The Golden State Warriors appear to be on their way to becoming this generation’s version of Michael Jordan’s Chicago Bulls, but even before the team added Kevin Durant, they managed to win 73 regular season games and did so primarily on the shoulders of Stephen Curry, Klay Thompson and Draymond Green. Andrew Bogut was a player whose acquisition by trade was well-timed, and Andre Iguodala was a piece who willingly chose the Warriors because he simply believed in what they were doing.

Indeed, if you build it, they will come. NBA superstars are no different.

For the Knicks, the master plan of turning the franchise into a contender begins with Porzingis. Ntilikina may very well be the next cog in the machine.

The core, however, lies with three, and based on what we’ve seen in the early goings, the Knicks may very well have an opportunity to put another stud on the roster. The likelihood of landing such a piece is higher if the team continues to do something like win one out of every four games.

So long as Ntilikina continues to grow, it won’t all be in vain.


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Defensive Player Of The Year Watch – 11/17/17

Spencer Davies updates the list of names to keep an eye on and who’s in contention for DPOY.

Spencer Davies



We’re exactly one month into the season now, as the NBA standings have started to take shape headed into winter.

A couple of weeks ago, Basketball Insiders released its first Defensive Player of the Year Watch article to go in-depth on players that could compete for the prestigious award. Since then, there have been injuries keeping most of the household names out of the picture.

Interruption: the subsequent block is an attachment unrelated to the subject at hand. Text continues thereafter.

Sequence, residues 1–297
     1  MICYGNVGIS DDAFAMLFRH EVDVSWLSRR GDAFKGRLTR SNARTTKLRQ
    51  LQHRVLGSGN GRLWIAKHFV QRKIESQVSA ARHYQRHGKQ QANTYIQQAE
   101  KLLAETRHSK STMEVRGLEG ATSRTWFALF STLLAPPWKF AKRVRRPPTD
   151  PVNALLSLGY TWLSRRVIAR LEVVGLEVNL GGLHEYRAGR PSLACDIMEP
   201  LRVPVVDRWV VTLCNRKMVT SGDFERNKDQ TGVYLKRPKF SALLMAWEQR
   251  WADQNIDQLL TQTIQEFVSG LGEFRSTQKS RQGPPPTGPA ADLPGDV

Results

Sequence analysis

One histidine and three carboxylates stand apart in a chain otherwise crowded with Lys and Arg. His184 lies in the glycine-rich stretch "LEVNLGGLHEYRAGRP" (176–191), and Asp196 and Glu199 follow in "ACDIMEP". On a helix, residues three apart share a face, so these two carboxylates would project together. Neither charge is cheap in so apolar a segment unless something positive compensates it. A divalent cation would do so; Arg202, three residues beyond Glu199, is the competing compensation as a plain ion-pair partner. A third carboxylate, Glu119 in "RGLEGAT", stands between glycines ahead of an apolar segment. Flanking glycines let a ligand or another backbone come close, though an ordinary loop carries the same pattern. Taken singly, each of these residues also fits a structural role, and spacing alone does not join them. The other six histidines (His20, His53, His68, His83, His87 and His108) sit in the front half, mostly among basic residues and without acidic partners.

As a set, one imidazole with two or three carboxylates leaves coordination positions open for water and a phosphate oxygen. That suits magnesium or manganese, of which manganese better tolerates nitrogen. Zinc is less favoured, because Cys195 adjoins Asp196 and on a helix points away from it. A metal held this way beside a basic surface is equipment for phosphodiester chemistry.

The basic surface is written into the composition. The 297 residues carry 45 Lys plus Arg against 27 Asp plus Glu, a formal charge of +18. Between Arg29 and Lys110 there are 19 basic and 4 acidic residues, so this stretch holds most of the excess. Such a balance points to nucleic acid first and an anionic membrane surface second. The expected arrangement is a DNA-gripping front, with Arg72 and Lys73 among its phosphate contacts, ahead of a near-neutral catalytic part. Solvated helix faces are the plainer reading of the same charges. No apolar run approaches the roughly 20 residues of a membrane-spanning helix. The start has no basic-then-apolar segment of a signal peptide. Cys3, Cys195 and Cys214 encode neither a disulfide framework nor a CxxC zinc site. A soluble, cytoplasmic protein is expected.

Guys like Rudy Gobert (knee) and Al-Farouq Aminu (ankle) have been or will be sidelined for weeks. Kawhi Leonard has yet to make his season debut recovering from a bothersome right quad.

While that isn’t the best news for fans and the league at the moment, it’s likely that those players will be just fine and return with the same impact they’ve always made. In the meantime, there are opportunities for others to throw their names in the hat as elite defenders. With new names and mainstays, here’s a look at six healthy candidates.

6) Joel Embiid

Trusting the Process in Philadelphia was worth the wait. As polished as the seven-footer is with the ball in his hands on offense, he might be even more dangerous as an interior defensive presence.

One of ten players in the NBA averaging at least a block and a steal per game, Embiid makes a world of a difference for in limiting opponents. Through 14 games, the Philadelphia 76ers are allowing just 96.4 points per 100 possessions with him playing. Furthering that, he’s the only one on the floor who dips the team’s defensive rating below 100 and has the second-highest Defensive Real Plus-Minus rating (3.03) in the NBA.

5) Kristaps Porzingis